Math Hard for San Francisco Reparations Advocates

( – Many found it difficult to believe when San Francisco’s government announced in January that it believes the city should pay each black resident $5 million in “reparations” for the enslavement of black people that ended in the U.S. in 1865.

They may find it even more difficult to believe how the city came to this conclusion.

“There wasn’t a math formula,” city consultant Eric McDonnell told the Washington Post.

Using the familiar language of progressive government, McDonnell, chairman of the city’s African American Reparations Advisory Committee, said the committee was on a “journey” to find out how much to “invest in families”. He said chattel slavery, which ended almost 150 years ago, had “destroyed” black opportunities.

Slavery was never legal in San Francisco, though that does not give pause to reparations advocates. They claim that continuing discriminatory practices by the San Francisco government have harmed black people to such a degree that, apparently, only the sum of $5 million each will balance the scales.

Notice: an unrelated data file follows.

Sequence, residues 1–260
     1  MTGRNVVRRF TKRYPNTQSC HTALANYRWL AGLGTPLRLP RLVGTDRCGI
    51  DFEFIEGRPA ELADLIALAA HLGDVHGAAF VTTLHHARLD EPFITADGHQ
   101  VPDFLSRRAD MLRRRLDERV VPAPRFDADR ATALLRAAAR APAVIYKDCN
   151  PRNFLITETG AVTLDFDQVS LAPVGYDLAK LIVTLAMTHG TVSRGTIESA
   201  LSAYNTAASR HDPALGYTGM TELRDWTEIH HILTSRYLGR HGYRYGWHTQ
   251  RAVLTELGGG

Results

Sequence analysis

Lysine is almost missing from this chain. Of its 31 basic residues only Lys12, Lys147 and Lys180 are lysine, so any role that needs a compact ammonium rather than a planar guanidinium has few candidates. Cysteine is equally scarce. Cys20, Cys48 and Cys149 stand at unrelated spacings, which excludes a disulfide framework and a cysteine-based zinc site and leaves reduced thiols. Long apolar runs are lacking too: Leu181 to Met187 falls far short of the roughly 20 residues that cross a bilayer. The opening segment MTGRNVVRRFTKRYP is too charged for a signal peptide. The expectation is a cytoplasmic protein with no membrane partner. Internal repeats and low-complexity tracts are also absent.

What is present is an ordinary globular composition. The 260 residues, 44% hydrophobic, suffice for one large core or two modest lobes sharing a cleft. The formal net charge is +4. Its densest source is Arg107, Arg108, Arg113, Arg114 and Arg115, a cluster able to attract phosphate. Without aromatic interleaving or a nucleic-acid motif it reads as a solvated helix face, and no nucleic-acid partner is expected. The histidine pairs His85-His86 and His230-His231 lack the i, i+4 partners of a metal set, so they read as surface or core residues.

Not every local agrees. Civil rights attorney Leo Terrell, who is black, said the reparations plan is obviously unconstitutional.

There are 50,000 black residents of San Francisco. It is not clear how the city would determine which of them were “black enough,” or were sufficiently harmed, to qualify for the multi-million-dollar payout.

Nor does anyone seem to know how San Francisco would generate enough revenue to pay that amount to even a fraction of the city’s black residents.

City supervisors Hillary Ronen said she wished San Francisco “had this kind of money,” but it doesn’t.

Ronen’s fellow Supervisor Shamann Walton said some locals proposed funding the reparations through a tax on marijuana, but that tax has been suspended for years. It appears likely that it will remain suspended when the question has to be decided again in 2025. But the tax would not even come close to funding this project.

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